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How far, maybe 400 #happygilmore

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If you listen closely, at the end of the clip, you can just barely hear someone scream out for a marine biologist.

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Sponsored: Callaway's 'Golf Lives: Home Course'

By Grill Room TeamOctober 15, 2018, 4:20 pm

In this original series, Callaway sets out to profile unique golf locations around the country based on their stories, communities and the characters that surround them. The golf cultures across the series are remarkably diverse, yet in all cases it's the course itself that unifies and ignites the passions of those who play.

“Golf Lives: Home Course” focuses on three distinct home courses across the country – one in D.C., one in Nebraska and one in Portland, Ore. All have very different golf cultures, but are connected by a deep love of the game.

Click here for a look at all three episodes in the series, as well as past Golf Lives films (check out the trailer below).



And here’s a breakdown of the three courses in focus: 

FILM 1

Langston Golf Course (Washington, D.C.)

Opened in June 1939, Langston is steeped in a rich history. Known for its triumphant role in the desegregation of public golf, the course has been integral to the growth of the game’s popularity among African Americans. With its celebratory feel, Langston shows us golf is not unifies individuals, but generations.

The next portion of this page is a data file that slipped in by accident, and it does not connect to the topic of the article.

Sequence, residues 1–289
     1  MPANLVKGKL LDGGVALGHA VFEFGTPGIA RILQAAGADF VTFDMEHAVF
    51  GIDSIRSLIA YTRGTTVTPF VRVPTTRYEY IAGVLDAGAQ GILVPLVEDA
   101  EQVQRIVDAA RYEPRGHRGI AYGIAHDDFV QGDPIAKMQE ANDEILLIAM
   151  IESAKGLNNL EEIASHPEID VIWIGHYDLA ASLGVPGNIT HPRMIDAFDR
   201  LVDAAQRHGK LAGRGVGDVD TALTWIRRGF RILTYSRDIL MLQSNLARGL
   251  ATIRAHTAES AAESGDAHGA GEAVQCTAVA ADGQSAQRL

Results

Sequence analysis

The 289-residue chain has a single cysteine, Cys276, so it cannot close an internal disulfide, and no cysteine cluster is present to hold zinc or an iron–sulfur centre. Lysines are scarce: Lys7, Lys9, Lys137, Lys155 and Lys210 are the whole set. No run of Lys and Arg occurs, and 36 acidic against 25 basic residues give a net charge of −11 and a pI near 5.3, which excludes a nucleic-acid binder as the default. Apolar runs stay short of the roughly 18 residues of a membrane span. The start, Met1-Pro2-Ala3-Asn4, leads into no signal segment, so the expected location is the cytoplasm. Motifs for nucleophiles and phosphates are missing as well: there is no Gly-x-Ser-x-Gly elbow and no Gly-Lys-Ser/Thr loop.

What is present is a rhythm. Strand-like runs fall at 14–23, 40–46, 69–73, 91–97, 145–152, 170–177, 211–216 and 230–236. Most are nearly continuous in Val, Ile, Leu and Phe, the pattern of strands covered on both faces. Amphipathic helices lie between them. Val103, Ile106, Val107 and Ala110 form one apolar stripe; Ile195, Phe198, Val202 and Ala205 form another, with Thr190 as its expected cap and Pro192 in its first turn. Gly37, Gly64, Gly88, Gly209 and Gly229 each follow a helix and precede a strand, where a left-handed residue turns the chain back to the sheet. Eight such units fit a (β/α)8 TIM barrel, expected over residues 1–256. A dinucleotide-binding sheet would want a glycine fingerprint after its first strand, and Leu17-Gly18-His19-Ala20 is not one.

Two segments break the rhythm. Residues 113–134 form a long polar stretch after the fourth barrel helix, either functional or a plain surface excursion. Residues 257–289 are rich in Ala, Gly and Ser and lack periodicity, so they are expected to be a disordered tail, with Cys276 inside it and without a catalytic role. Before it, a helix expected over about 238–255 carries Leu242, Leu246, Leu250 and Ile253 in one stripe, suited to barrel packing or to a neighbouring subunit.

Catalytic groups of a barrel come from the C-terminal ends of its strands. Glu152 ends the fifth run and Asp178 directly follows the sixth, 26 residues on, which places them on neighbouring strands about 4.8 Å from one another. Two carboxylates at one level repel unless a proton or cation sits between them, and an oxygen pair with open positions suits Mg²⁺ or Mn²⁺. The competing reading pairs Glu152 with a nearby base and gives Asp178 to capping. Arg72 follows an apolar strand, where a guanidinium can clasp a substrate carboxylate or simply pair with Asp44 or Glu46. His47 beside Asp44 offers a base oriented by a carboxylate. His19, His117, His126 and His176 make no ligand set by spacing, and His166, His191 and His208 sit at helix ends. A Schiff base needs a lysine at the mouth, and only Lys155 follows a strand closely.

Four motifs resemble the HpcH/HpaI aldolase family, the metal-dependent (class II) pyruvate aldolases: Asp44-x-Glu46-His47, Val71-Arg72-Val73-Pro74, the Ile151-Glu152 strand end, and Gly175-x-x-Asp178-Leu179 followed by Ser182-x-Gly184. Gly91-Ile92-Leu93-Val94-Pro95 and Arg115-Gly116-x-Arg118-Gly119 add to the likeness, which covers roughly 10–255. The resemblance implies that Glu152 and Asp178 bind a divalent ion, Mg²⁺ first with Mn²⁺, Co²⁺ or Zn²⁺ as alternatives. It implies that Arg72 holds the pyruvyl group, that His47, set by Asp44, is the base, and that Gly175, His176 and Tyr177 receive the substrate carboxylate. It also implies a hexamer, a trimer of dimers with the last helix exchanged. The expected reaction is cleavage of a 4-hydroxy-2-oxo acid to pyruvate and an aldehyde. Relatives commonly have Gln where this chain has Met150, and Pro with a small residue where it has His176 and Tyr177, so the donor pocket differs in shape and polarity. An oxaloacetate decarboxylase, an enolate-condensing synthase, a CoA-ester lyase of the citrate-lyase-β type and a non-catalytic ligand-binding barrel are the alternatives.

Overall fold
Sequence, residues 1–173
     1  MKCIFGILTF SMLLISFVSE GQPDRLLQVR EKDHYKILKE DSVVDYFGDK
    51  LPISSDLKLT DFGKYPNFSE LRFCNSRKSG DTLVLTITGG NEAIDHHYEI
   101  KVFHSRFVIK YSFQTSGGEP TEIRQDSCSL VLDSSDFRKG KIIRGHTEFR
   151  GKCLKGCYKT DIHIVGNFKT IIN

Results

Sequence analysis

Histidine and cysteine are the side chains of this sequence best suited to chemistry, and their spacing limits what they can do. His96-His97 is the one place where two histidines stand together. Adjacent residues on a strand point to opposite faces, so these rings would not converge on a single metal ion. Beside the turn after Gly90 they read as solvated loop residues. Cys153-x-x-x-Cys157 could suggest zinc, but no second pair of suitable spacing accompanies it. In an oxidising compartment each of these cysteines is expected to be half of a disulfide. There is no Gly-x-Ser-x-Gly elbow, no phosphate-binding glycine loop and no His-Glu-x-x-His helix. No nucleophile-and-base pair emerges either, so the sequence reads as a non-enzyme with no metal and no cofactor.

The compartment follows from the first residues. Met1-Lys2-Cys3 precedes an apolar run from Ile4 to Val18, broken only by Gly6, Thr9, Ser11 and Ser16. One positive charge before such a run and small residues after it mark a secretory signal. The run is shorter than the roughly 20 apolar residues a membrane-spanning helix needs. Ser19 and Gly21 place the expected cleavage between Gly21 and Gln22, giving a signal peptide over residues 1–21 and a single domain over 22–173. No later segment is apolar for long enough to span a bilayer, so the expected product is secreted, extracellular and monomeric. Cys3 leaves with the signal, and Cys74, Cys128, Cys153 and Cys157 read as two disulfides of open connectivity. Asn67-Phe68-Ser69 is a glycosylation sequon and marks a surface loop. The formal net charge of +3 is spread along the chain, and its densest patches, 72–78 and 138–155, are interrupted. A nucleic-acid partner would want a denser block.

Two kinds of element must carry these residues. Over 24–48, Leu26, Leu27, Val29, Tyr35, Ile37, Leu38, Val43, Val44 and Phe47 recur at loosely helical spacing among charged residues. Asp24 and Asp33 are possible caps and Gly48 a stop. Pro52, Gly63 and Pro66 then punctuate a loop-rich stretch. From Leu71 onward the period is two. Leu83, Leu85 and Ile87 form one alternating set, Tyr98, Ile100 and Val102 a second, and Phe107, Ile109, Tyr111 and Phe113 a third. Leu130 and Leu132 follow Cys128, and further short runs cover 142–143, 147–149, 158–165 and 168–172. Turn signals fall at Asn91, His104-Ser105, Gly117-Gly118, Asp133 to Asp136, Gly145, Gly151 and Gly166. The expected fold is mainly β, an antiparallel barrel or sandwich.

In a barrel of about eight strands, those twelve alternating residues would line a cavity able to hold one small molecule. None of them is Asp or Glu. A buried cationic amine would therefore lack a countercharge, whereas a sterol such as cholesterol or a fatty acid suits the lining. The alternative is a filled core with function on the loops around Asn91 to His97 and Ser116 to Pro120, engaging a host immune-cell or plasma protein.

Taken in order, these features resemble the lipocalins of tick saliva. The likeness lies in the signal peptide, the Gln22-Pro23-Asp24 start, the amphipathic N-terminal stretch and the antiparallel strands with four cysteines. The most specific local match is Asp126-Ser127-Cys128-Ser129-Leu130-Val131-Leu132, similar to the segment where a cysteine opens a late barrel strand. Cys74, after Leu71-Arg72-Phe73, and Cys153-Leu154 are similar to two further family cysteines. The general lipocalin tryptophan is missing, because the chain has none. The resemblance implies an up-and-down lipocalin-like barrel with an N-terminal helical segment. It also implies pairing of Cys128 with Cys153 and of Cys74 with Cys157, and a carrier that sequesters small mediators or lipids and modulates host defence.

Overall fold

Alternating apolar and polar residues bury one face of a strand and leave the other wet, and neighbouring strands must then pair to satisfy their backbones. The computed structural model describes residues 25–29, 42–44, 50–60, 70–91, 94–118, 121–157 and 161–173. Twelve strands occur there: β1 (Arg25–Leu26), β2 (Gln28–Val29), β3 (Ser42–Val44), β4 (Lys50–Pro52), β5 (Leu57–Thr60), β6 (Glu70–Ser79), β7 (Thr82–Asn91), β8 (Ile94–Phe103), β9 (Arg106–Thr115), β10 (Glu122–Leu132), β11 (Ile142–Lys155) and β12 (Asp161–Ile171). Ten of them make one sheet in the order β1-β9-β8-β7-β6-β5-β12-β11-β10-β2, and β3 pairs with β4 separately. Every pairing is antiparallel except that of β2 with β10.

FILM 2

Edgefield Golf Course (Portland, Ore.)

The air is fresh, the beers are cold and the vibes are electric at Edgefield. You'd be hard pressed to find a more laid back, approachable and enjoyable environment for a round. Overlooking stunning panoramic views of northeast Portland, two par-3 pub courses (12 holes and 20 holes) wind through vineyards, thickets of blackberry bushes and a vintage distillery bar. All are welcome at Edgefield, especially those who have never swung a club. 


FILM 3

Wild Horse Golf Club (Gothenburg, Neb.)

In 1997, the locals and farmers living in the tight-knit town of Gothenburg decided to build a golf course. A bank loan, a couple of tractors, and a whole lotta sweat-equity later, their prairieland masterpiece is now considered one of the best in the country. Wild Horse is the soul of the community, providing unforgettable memories for all who play it.

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Pepperell likely sews up Masters invite via OWGR

By Will GrayOctober 15, 2018, 2:13 pm

Eddie Pepperell received a trophy for his win Sunday at the British Masters, but another prize will be coming in the mail at the end of the year.

Pepperell held on to win by two shots at rainy Walton Heath, giving him his second win of the year to go along with a pair of runner-ups. The Englishman started the year ranked No. 133 in the world and was as low as 513th in May 2017. But with the win, Pepperell jumped 17 spots to a career-best 33rd in the latest world rankings.